Recovery likely to proceed without fear of inflation


April 17, 1994|By John E. Woodruff

Two increases -- totaling a half percentage point -- in the Federal Reserve Board's federal funds rate have ended a decade of loosening monetary policy and raised questions about the impact those moves will have. Must interest rates go up even more to keep inflation from surging back? If so, how far? And what will that do to the recovery?

Peter Van Dyke

Manager, fixed-income

mutual funds,

T. Rowe Price Associates Inc.

Continuing economic strength will cause the Fed to extend this gradualist policy. By the end of this year, the target for federal funds may inch up from the present 3.5 percent to perhaps 4 or 4.25 percent.

But after the drastic reactions of both the equity and the bond markets to the first two moves, another jump or two is already factored into longer-term interest rates, and they probably will trade between the present 7.25 percent and perhaps 7.75 percent the rest of the year.

So housing construction may be affected, but automobile sales and things people buy on credit cards shouldn't be.

Some people talk about choking off the recovery, but they forget how robust the economy was in the 1980s, with interest rates in the teens We'll look back in a couple years and see it was a very good thing that the Fed kept factories operating somewhat under capacity and kept a lid on inflation.

Mani Govil

Analyst and portfolio manager, Mercantile Bank and Trust

Price indexes are showing good year-over-year appreciation that shouldn't be a threat, but interest rate markets mistook the Fed's first two notches on the federal funds rate as a signal that inflation is coming back.

Whether inflation comes back will depend on a worldwide

recovery. Japan is still in limbo. Europe, where wage rates have typically driven inflation, still has massive unemployment.

For the next six months, the economy can grow with no reason to fear inflation.

Charles O. Heller

Director, Dingman Center for Entrepreneurship,

University of Maryland

My purely personal feeling is that interest rates won't go upmuch more.

When we work with small businessmen who are looking for loans, we tell them they shouldn't even think of going to a bank if they can't support interest rates of 15 to 18 percent.

So for small entrepreneurs, the difference between, say, 3 and 4 percent in the federal funds target is not critical.

In fact, it may be a blessing in disguise. For several years, the issue has not been how much interest a small businessman has to pay but just getting money at all.

Now, with a strengthening economy, higher interest rates may make it attractive to banks to lend to small businesses again, and that would actually help the economy.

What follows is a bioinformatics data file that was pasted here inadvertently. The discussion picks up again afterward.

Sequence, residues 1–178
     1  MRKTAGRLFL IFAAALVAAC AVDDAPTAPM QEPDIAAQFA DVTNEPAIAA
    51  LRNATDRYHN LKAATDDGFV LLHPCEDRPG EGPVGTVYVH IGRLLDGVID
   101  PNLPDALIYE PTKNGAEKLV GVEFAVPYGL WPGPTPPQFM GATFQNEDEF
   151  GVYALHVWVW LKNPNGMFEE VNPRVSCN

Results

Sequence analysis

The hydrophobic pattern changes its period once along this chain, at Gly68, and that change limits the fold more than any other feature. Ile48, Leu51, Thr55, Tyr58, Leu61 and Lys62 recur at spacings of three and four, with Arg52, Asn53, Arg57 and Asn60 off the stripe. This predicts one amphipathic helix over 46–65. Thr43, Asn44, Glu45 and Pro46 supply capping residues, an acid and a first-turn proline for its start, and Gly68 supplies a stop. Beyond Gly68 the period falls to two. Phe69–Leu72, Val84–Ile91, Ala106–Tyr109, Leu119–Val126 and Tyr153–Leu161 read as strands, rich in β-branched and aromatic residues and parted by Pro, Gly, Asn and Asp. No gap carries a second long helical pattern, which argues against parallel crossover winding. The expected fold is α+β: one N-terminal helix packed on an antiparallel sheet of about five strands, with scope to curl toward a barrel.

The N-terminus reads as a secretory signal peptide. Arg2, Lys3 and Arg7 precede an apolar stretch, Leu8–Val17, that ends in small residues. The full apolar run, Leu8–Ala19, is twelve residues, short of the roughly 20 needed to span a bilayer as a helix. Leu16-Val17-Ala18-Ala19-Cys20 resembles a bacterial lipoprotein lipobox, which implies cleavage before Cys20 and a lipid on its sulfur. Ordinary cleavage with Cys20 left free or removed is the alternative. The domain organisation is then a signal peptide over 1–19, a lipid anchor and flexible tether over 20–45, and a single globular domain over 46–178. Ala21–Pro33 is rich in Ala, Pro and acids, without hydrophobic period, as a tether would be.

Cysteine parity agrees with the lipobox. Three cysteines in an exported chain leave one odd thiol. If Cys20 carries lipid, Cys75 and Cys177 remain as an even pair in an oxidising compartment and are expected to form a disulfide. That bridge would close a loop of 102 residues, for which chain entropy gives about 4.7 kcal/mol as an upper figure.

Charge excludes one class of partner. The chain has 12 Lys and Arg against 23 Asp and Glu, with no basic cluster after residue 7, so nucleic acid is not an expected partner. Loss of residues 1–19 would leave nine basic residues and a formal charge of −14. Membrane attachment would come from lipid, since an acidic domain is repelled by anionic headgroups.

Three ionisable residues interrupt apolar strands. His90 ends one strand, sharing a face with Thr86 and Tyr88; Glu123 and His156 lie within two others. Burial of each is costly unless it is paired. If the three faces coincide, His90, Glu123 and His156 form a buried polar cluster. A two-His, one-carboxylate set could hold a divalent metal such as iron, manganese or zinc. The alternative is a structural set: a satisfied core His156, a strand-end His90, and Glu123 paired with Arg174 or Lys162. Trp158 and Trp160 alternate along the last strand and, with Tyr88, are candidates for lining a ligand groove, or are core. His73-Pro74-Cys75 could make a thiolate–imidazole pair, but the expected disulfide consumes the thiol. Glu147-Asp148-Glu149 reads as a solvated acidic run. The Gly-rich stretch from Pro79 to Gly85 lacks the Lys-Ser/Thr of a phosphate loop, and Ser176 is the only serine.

Daniel Friel

Vice president and senior

economic analyst,


We see the U.S. economy ending the first half of 1994 at annual growth of about 4 percent. That would be stronger than the Fed would like to see, probably by a point or a point and a half, especially since the Fed was surprised by faster growth than expected for the last quarter of 1993.

You're not seeing inflation yet in the Producer Price Index or the Consumer Price Index, but if you wait for it to show up there, it's already too late.

We're looking at 83.4 percent capacity utilization in manufacturing in February, and the National Association of Purchasing Managers is reporting 63.7 percent of their people already feeling increases in parts and materials costs compared with 54.5 percent a short time ago. There are enough warning flags that if GNP growth does come in at 4 percent, it will heighten the Fed's concerns.

A further major correction in the stock market might make the Fed cautious for a time, but we should expect a federal funds rate around 4 percent by year's end.

That would be a "neutral" position -- not trying to stimulate and not trying to restrain, just trying to keep ahead of inflation. That's a change; until recently, they really had their foot slammed hard on the accelerator.

Borrowing costs will go up, but I don't see interest rates doing a lot to the economy. Even housing construction, after jumping sharply in the first half of this year, probably will grow a lot more slowly in the second half, but it should still grow.

Baltimore Sun Articles
Please note the green-lined linked article text has been applied commercially without any involvement from our newsroom editors, reporters or any other editorial staff.